SINGAPORE/AMSTERDAM U.S. wheat futures slid 3 percent on Tuesday, while corn fell 2.5 percent, losing more ground on prospects of higher supplies and fears that the euro zone debt crisis could spread to Italy and Spain.
The selloff after last week's gains comes ahead of the U.S. Department of Agriculture's monthly supply and demand report at 1230 GMT, which the market expects will show more comfortable corn stocks in the U.S. and higher global wheat supplies.
"Grains will be weaker across the board because of the U.S. dollar strength and euro zone crisis," said Adam Davis, a senior commodity analyst at Melbourne-based funds Merricks Capital.
"We are expecting that wheat stocks will be raised and on top of that Russia has 5 to 6 million tonnes more wheat than previously expected."
Chicago Board of Trade new-crop December corn fell 2.50 percent to $6.17 a bushel by during the morning, while September wheat lost 3 percent to $6.20 a bushel. November soy contract fell 0.6 percent to $13.38- a bushel, tracking losses in wheat and corn.
But the trend is not likely to last long, analysts say.
"We maintain our view that prices will remain historically high and that price risk is skewed to the upside," Macquarie Securities said in its daily report.
"We see little-to-no recovery in global grain and oilseed stocks in the 11/12 season, as demand growth should keep pace with any recovery in production."
A Reuters Poll of analysts showed corn ending stocks on August 31 would total 905 million bushels, up from 730 million in early June, but still the lowest in 15 years.
The upward revision will also help bolster ending stocks in the 2011/12 marketing year beginning September 1 by about 300 million bushels, the poll showed.
Wheat has come under pressure after analyst SovEcon raised its harvest outlook for the number 4 grower, Russia, because favorable rains since late June have helped crops and raised the country's competitive profile versus U.S. wheat.
SovEcon raised its forecast for Russia's grain production in 2011 to 87-92 million tonnes, from 82-86 million tonnes due to improved weather conditions in the European part of the country and in the Urals.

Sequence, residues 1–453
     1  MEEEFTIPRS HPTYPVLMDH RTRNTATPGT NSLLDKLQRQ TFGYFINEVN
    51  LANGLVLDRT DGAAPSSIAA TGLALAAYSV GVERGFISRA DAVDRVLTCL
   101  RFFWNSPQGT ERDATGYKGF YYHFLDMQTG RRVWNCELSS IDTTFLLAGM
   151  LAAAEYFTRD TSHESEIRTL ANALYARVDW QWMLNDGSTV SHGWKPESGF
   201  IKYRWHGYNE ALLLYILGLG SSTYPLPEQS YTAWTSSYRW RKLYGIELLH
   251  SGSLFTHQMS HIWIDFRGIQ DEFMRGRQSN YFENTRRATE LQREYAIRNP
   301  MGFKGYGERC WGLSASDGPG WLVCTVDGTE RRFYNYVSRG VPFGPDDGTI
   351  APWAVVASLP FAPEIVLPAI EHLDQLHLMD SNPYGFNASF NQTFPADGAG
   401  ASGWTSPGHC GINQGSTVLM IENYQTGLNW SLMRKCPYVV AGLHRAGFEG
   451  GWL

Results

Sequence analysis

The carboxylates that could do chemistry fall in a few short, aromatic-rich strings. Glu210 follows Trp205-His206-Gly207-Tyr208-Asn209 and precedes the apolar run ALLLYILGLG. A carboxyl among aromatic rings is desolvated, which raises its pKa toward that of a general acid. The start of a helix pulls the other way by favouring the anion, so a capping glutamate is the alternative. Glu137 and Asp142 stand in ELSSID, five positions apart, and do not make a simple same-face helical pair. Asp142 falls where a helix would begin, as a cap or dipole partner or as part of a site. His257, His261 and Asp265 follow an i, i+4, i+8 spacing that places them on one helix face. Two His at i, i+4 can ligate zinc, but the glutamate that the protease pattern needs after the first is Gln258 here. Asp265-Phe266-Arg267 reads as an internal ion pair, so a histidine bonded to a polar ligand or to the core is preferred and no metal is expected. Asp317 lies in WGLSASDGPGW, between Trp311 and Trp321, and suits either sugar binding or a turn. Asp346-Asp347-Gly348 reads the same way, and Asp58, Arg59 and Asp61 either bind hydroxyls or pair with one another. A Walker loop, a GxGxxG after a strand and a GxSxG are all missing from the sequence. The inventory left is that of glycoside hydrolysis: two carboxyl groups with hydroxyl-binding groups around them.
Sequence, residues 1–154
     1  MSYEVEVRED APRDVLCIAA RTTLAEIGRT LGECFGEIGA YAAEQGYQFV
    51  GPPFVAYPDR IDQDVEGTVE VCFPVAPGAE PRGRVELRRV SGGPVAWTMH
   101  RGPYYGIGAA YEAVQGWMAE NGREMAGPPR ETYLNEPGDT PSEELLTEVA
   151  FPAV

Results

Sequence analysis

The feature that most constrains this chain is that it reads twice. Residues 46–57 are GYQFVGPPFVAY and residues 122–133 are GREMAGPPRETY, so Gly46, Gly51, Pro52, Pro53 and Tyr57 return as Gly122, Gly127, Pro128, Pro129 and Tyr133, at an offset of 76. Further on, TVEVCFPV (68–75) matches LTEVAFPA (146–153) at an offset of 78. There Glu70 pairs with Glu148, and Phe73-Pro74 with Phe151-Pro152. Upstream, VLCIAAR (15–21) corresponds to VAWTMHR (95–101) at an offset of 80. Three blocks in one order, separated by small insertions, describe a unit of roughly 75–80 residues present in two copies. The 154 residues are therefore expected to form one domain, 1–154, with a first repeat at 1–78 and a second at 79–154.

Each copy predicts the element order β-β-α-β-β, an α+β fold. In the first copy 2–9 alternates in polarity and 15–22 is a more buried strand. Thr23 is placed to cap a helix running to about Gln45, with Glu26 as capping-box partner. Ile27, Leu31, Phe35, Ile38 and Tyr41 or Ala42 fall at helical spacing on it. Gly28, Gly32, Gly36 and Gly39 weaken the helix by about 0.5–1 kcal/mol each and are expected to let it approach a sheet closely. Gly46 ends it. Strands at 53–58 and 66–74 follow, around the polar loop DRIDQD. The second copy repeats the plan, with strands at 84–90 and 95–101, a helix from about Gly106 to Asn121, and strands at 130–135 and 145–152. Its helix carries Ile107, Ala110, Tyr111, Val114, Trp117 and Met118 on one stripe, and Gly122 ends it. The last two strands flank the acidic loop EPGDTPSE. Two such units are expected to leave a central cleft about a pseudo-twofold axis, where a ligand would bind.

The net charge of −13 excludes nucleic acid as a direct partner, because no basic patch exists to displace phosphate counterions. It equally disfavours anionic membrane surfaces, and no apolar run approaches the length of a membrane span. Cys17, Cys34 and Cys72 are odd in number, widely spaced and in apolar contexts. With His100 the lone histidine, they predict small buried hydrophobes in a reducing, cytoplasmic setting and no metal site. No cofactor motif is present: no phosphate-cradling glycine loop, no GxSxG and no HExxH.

A severe drought kept Russian wheat out of the world market last year.
The U.S. Midwest Corn Belt, which is also the key soybean-growing region, should see much-needed rains off and on through Friday, said Mike Palmerino, agricultural meteorologist with Telvent DTN.
U.S. corn and soybean ratings held steady despite higher temperatures in key growing regions, USDA said after the market closed on Monday. The corn crop was rated 69 percent good to excellent. A Reuters survey of eight analysts had forecast this week's rating at 70 percent good to excellent.
Mounting euro zone debt concerns, and fears the crisis could spread to Italy and Spain weighed on the commodity markets, including oil, cotton and grains.
Asian equities also suffered sharp losses, while the euro remained under pressure on escalating worries that the threat of contagion from the Greek debt crisis could lead to more countries requiring financial aid.
European wheat futures tracked U.S. prices lower, with benchmark November milling wheat down 2.75 percent at 185.50 euros a tonne.
In a bid to stop financial contagion engulfing Italy and Spain, euro zone finance ministers promised cheaper loans, longer maturities and a more flexible rescue fund on Monday.
The dollar index .DXY, which measures the strength of the greenback against a basket of currencies, rose 0.5 percent. A stronger dollar makes U.S. commodities uncompetitive in the international market.
(Editing by Keiron Henderson)